If you've been following me for awhile, you know that I didn't get into gardening and permaculture just for the delicious and nutritious food, though that's certainly a big bonus. My passion for growing food and living sustainably comes from a place of deep concern and love for our planet, for the wildness and beauty of our only home, and a belief that we can all contribute in a meaningful way to positive social change.
That's why I'm excited to share this video with you today. In it, I talk with our very own local 'zero waste expert', Julie Fathy, about her ten tips to go zero waste in your home. Julie has been on a zero waste and sustainability journey for over a decade and I love her approach.
With a garden, compost pile, and little focus on buying 'stuff', I would consider that our household does pretty well in terms of generating minimal waste, but Julie takes it to a whole new level. She has inspired me to go that extra step in considering all aspects of my home.
If you've been feeling either overwhelmed or paralyzed by what actions you can specifically take to make a difference, you'll want to watch this video. The tips that Julie shares are concrete ways in which you can be part of the solution. For every plastic bag that you don't use, for every piece of junk mail that doesn't arrive in your mailbox, for every item you can buy in bulk rather than with packaging, you feel lighter, more empowered and hopeful about the future. And then, you find yourself sharing these ideas with one friend, who shares it with another, and so the process of change expands and multiplies.
As Julie would say, it's not important that we are perfect at a zero waste life, it's important that all of us do this imperfectly in some way. So whether you adopt one or all ten of the tips that she shares, I hope this galvanizes you into action.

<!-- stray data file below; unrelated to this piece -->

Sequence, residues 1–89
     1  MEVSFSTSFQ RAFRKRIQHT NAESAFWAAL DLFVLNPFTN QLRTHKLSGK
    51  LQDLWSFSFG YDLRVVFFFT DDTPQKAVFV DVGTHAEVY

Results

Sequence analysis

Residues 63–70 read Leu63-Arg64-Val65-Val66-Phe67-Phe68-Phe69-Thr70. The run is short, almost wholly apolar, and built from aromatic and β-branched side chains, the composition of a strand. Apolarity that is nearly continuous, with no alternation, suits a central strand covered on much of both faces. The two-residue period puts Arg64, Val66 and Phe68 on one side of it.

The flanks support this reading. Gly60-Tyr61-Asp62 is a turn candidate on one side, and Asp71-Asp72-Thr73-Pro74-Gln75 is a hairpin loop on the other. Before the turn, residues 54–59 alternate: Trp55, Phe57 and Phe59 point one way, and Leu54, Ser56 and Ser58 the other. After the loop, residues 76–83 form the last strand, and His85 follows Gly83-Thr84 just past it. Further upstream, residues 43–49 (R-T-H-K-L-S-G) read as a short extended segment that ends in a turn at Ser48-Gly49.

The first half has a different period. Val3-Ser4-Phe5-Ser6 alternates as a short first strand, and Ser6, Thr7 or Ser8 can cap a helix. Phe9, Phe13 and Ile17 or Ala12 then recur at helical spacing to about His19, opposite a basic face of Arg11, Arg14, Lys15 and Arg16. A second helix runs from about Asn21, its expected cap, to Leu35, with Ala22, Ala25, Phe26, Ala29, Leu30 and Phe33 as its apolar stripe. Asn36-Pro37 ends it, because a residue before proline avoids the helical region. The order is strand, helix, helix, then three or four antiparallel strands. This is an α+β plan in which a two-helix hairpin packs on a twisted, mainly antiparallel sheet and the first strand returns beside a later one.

So check out the video below to learn ten tips to go zero waste in your home. Then, if you have any questions for Julie, feel free to drop them in the comments below! Also check out Julie's recipes below this video!
I talked in my last blog post about how our directive, in the global north, should not only be to grow our own food but to look for other ways to reduce our energy consumption. The US Energy Information Administration estimates that 35% of our household energy use goes towards lighting, appliances and refrigeration. Therefore, anything we can do to reduce the energy we use in the kitchen can help out significantly in terms of saving money and fossil fuels.
That's why I'm excited to share this video with you. In it, I talk about a simple and easy five-minute project that you can make, likely with existing materials in your home, that can immediately reduce your energy use. Not only do I talk about that project, but I cover other appropriate technologies with regards to cooking and food storage. These are strategies that you could think about implementing, over time, as you work toward a more energy-efficient, self-reliant lifestyle. Don't know what appropriate technology is? Check out my article here.
This video is actually a sneak peek into the Appropriate Technology Module that I am teaching in the Women's Online Permaculture Design Course that starts April 1st!
I am one of 40 women from 13 countries who have crafted a comprehensive online course for a global community.
The video below is one of dozens of videos, resources, and handouts that you will receive when you sign up for the course. This is a phenomenal opportunity to get an in-depth education, not only about appropriate technology, but about all aspects of permaculture design. If you're ready for a life-transforming journey, then join us!
Plus, if you sign-up through my link, you'll receive 3 hours of private tutoring with me (either in person or via skype/phone) and $200 worth of extra bonuses! To learn more about the course, click here.